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  • All fields: overcome
(51 results)

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    • Page 5

    • 2 the “greening” of schools to bring a natural environment to urban areas and supplement school meal plans with food grown on campus. Urban school gardens provided a valuable learning environment that was unusual in large cities. Rural schools...
    • Page 27

    • 23 Parents who have negative experiences in school, and/or a lack of education maintain attitudes and beliefs that are very hard to overcome for the classroom teacher. The way in which parents feel about schools and the emotional connections...
    • Page 30

    • 26 students and parents feel. This study also proved that a negative attitude, often spawned from frustration, creates barriers of success that may never be overcome. This thesis project provides a foundation on which the researcher can combat...
    • Page 6

    • 3 controlled stratified national sample of thirty suburban school districts. Quantitative and qualitative data was gathered from suburban, public school administrators. This research did not seek data from rural, urban, or private schools. This...
    • Page 36

    • 33 materials for the garden including funding and space; (b) lack of time for staff, students, and faculty to properly implement school garden learning; and (c) lack of knowledge and curriculum. Overcoming these barriers has expanded the reach and...
    • Page 37

    • 34 Chapter 3 Methodology The purpose of this research was to identify and examine barriers to the use of school gardens for learning in public, suburban school districts. This research examined the following questions: 1) What were the main...
    • Page 39

    • 36 resources provided for school gardens; 6) integration of school gardens with state curriculum standards; 7) funding of school gardens; and 8) attributes that correlated with successful school garden programs. Since the participants in this study...
    • Page 41

    • 38 up telephone calls were made as necessary. As required by the Southern Utah University Department of Graduate Studies in Education, all necessary Institutional Review Board requirements were met throughout the conduct of this research study. The...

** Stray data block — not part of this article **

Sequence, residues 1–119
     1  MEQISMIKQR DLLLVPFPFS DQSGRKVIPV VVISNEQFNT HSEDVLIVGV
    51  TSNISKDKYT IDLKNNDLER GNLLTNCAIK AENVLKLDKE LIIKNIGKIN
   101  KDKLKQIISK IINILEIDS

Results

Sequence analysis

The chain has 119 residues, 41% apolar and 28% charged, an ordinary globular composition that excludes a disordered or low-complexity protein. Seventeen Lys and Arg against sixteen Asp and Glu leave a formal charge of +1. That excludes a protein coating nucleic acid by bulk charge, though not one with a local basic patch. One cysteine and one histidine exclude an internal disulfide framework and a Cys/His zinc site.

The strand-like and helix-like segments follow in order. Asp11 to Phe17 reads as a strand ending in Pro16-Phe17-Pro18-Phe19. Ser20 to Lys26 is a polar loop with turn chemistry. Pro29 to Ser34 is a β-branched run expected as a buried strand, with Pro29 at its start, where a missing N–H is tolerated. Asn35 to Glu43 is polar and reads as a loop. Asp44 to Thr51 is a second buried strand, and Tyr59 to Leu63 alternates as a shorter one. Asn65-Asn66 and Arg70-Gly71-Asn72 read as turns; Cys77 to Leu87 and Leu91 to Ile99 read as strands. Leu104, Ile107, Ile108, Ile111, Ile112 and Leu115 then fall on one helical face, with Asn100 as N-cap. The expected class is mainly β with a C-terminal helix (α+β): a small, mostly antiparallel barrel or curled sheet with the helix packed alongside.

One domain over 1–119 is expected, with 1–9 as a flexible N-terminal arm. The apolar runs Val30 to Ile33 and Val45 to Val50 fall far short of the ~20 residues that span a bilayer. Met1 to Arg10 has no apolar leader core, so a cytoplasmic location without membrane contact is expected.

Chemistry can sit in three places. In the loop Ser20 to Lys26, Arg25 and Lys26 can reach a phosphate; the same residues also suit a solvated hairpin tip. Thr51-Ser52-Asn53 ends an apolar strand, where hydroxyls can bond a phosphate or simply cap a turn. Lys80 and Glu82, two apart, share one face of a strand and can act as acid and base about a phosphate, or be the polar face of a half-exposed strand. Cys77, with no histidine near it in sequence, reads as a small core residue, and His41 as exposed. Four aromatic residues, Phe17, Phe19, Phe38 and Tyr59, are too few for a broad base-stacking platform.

• Page 51

    • 47 A major concern of the researcher and the other evaluators is the difficulty of utilizing this outline in a mainstream public education setting. One evaluator's valid concern is that he felt it would be difficult to move at a pace necessary to...
    • Page 51

    • 47 somewhat disappointing discovery was that even when the researcher was actively involved in providing additional daily support, the students’ scores, as a whole, increased minimally. From this disappointing discovery, the researcher came to...
    • Page 56

    • 52 sources of assessment to accurately and efficiently identify students who need the additional guidance. Daily assessments of any kind provided some of the purest feedback of what a student understood or struggled with. The assessments that were...
    • Page 57

    • 54 This research examined the barriers to school gardens and how the barriers were overcome. This was measured by question six and seven in the survey. Every insight to how the school gardens succeeded and how barriers were overcome were...
    • Page 58

    • 55 Table 3 How Barriers to School Gardens were Overcome for Garden Success A Likert scale was used to test this thesis’ hypothesis that the barriers to school gardens in public, suburban school districts were lack of (a) growing time or climate,...
    • Page 13

    • 6 going on right now in students’ lives so they can link student needs and abilities (Portal and Sampson, 2001). The MI and LS methods introduce different methods of teaching (Portal and Sampson, 2001). If a student feels stressed he/she avoids...
    • Page 9

    • 6 to explore, and a chance to manipulate their surroundings, children [became] less aggressive and more ready to learn” (Coffee, 1999, p. 37). Furthermore Coffee found that as students took ownership of their environment, “especially to nurture...
    • Page 65

    • 62 Answer choices were, (a) abundance, (b) some funding, (c) little funding, and (d) non-existent. Eight percent reported “some funding” available for school gardens. Ninety-two percent said there was “little” funding available for school...
    • Page 66

    • 63 Chapter 5 Discussion This chapter discussed the results of the research into the existing barriers to school gardens in public, suburban schools in five capacities. The first section evaluated the purpose of this study. Second, the results of...
    • Page 73

    • 70 Significance of Study This study was significant in understanding why school gardens were not more common, given their educational value, and provided ways interested school districts could overcome typical barriers to the development of school...
    • Page 76

    • 73 Based on interviews for this study, it appeared elementary educators may have had less knowledge about school gardens than secondary educators; but the presence of school gardens were much more concentrated at the elementary level. This may be...
    • Page 88

    • 85 o How were the school gardens funded? o What resources do the school and or district provide? Open Ended Questions • What are the main barriers to using school gardens? o How were barriers overcome? • What has helped school gardens to...


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